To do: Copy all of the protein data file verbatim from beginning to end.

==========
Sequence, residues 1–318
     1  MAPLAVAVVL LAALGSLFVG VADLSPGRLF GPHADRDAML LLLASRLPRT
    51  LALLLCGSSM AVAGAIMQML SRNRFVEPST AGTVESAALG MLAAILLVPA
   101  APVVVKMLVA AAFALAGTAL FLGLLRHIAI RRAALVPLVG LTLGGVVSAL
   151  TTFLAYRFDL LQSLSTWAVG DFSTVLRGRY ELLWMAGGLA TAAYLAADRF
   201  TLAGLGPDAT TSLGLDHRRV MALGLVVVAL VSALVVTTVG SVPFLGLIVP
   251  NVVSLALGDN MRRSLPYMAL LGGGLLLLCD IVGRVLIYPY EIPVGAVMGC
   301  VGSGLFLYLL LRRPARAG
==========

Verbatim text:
Sequence, residues 1–318
     1  MAPLAVAVVL LAALGSLFVG VADLSPGRLF GPHADRDAML LLLASRLPRT
    51  LALLLCGSSM AVAGAIMQML SRNRFVEPST AGTVESAALG MLAAILLVPA
   101  APVVVKMLVA AAFALAGTAL FLGLLRHIAI RRAALVPLVG LTLGGVVSAL
   151  TTFLAYRFDL LQSLSTWAVG DFSTVLRGRY ELLWMAGGLA TAAYLAADRF
   201  TLAGLGPDAT TSLGLDHRRV MALGLVVVAL VSALVVTTVG SVPFLGLIVP
   251  NVVSLALGDN MRRSLPYMAL LGGGLLLLCD IVGRVLIYPY EIPVGAVMGC
   301  VGSGLFLYLL LRRPARAG